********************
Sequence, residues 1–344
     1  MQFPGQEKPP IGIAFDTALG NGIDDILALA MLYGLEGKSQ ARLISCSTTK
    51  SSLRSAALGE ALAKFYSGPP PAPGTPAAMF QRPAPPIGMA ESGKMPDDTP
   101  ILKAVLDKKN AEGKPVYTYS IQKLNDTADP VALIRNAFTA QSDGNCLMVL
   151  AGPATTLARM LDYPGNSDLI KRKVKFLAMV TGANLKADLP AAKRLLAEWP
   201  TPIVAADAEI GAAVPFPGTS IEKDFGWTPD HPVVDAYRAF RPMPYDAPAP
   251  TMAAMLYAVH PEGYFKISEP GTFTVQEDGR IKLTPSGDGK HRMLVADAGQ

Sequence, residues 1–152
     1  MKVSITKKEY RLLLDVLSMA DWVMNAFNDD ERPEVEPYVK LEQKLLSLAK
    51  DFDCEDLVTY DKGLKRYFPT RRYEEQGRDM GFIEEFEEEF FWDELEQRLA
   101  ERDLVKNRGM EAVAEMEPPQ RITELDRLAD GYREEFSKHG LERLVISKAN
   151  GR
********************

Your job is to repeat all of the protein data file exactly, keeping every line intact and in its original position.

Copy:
Sequence, residues 1–344
     1  MQFPGQEKPP IGIAFDTALG NGIDDILALA MLYGLEGKSQ ARLISCSTTK
    51  SSLRSAALGE ALAKFYSGPP PAPGTPAAMF QRPAPPIGMA ESGKMPDDTP
   101  ILKAVLDKKN AEGKPVYTYS IQKLNDTADP VALIRNAFTA QSDGNCLMVL
   151  AGPATTLARM LDYPGNSDLI KRKVKFLAMV TGANLKADLP AAKRLLAEWP
   201  TPIVAADAEI GAAVPFPGTS IEKDFGWTPD HPVVDAYRAF RPMPYDAPAP
   251  TMAAMLYAVH PEGYFKISEP GTFTVQEDGR IKLTPSGDGK HRMLVADAGQ

Sequence, residues 1–152
     1  MKVSITKKEY RLLLDVLSMA DWVMNAFNDD ERPEVEPYVK LEQKLLSLAK
    51  DFDCEDLVTY DKGLKRYFPT RRYEEQGRDM GFIEEFEEEF FWDELEQRLA
   101  ERDLVKNRGM EAVAEMEPPQ RITELDRLAD GYREEFSKHG LERLVISKAN
   151  GR